Darwin’s Beagle library now online

Darwin Online has made available digitizations of around 400 books comprising Darwin’s library that he had aboard the HMS Beagle. Says historian John van Wyhe, who oversaw the project: ““Darwin lived and worked in the Beagle library for five years. The library reveals the sources and inspirations that Darwin read day after day as he swung in his hammock during long sea crossings, or as he worked on his specimens at the chart table or under the microscope. For a long time this was lost to us, but the online library provides an unprecedented insight into the journey that changed science and our understanding of the world.”

Read an introduction, the list of books in the library, and see illustrations from the works.

BOOK REVIEW: The Galapagos: A Natural History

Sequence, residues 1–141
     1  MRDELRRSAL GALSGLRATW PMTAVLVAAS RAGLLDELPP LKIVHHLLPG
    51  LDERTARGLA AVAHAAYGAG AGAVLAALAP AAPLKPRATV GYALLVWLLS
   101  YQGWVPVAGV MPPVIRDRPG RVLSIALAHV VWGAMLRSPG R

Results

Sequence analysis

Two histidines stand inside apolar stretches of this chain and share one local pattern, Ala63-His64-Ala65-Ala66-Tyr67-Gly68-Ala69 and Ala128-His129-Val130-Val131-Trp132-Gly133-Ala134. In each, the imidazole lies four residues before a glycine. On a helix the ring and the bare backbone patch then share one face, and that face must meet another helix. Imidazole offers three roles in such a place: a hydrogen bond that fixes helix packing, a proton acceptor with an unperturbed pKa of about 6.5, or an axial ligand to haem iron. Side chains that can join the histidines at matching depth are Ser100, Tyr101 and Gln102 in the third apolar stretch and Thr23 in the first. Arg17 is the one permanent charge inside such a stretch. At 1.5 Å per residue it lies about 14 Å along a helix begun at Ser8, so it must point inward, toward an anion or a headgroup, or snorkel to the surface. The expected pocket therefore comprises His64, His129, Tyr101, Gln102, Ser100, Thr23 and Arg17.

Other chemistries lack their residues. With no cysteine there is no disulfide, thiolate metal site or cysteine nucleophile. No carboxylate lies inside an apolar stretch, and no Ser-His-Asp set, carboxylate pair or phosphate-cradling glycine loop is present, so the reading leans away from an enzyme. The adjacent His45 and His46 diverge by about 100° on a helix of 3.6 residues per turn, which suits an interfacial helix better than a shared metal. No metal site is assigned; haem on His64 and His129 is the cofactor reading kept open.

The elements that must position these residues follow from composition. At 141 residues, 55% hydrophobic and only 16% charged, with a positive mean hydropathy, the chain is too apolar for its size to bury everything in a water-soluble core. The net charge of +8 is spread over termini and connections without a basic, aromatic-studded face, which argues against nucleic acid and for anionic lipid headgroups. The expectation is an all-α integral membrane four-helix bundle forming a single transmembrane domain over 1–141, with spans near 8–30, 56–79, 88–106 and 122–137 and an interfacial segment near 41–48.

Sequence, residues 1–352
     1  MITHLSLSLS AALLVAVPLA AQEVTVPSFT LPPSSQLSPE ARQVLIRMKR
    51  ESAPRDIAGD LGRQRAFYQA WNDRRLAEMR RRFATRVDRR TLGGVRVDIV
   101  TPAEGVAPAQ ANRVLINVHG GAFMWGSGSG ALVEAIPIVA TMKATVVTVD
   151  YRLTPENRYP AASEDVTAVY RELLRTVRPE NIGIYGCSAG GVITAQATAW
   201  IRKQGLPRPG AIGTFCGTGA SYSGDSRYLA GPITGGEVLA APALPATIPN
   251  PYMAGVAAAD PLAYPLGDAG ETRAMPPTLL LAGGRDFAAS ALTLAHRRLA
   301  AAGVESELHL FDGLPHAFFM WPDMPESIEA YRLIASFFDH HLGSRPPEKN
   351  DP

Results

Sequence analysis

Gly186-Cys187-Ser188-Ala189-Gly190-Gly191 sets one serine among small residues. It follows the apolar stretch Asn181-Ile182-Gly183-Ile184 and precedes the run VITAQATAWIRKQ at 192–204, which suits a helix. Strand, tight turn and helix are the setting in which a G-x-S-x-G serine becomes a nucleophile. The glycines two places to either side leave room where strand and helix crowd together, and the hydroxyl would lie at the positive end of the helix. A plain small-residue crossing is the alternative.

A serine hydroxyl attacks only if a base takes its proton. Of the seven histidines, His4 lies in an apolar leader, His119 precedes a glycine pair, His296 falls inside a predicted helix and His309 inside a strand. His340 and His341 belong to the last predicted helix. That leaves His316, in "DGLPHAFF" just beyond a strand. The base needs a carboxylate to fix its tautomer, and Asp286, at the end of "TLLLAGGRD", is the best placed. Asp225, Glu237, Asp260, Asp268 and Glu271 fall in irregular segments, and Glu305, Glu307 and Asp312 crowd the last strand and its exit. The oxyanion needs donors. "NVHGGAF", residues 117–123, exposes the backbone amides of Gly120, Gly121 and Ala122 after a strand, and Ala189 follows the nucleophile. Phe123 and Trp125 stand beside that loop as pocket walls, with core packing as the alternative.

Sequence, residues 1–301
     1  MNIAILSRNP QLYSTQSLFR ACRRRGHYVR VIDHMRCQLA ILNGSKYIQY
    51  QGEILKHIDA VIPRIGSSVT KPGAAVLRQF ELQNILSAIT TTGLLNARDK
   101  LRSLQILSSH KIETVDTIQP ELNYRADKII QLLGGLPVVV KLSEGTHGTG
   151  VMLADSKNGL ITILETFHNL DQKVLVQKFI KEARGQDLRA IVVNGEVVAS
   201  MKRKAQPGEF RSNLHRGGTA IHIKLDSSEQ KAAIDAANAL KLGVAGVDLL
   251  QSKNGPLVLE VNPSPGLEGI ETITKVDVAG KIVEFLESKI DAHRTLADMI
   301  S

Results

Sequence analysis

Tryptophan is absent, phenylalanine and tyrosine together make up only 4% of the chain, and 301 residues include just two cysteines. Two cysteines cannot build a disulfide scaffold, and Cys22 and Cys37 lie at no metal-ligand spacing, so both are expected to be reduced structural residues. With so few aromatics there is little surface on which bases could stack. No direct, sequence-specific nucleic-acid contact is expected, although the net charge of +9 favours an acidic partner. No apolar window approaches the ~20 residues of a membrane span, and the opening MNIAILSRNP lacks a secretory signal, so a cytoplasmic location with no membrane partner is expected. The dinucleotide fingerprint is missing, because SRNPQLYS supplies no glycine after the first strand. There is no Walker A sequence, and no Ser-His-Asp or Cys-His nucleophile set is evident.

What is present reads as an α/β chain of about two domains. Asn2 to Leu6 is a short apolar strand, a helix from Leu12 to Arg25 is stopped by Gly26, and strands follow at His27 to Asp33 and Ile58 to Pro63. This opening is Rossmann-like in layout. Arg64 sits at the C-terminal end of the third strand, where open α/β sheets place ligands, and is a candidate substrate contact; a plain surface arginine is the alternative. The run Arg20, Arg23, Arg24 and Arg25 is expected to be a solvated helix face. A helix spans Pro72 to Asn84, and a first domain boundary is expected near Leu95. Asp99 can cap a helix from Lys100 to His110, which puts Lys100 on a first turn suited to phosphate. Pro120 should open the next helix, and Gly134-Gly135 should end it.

This would be no surprise to anyone: I hope to visit the Galapagos someday. It won’t happen in the near future, so for now I’ll settle for reading books about the famous islands, and get jealous of my uncle-in-law who recently posted photos from his travels in South America to his Facebook page, including the Galapagos. He did bring me back this t-shirt, however! 10359073_10154320780050249_1253261699024635731_o I mentioned reading books about the Galapagos, and I recently finished a new one: The Galapagos: A Natural History by science journalist Henry Nicholls (who previously wrote Lonesome George: The Life and Loves of a Conservation Icon). It’s not a very long book – the reading pages (minus acknowledgments and an appendix) come in at just 144 pages – yet Nicholls packs a wealth of information very succinctly in ten chapters that can each be read in short bursts (perfect for a father of young children like me!). So, what does a slim book like The Galapagos: A Natural History give the reader? The answer: a delightful overview of interesting natural history topics that serve as a general introduction of the islands. This is not a field guide, however, and Nicholls does not discuss every species of plant or animal to be found on “The Encantadas” but rather describes what visitors are likely to see or be interested in knowing more about. Also, he peppers these descriptions with history, culture, politics, and economics of the islands to flesh out the context of their natural offerings. He describes scientific observations of the past – much more than Darwin’s five weeks – and present, and the work of the many organizations on the islands which seek to protect and conserve its natural history.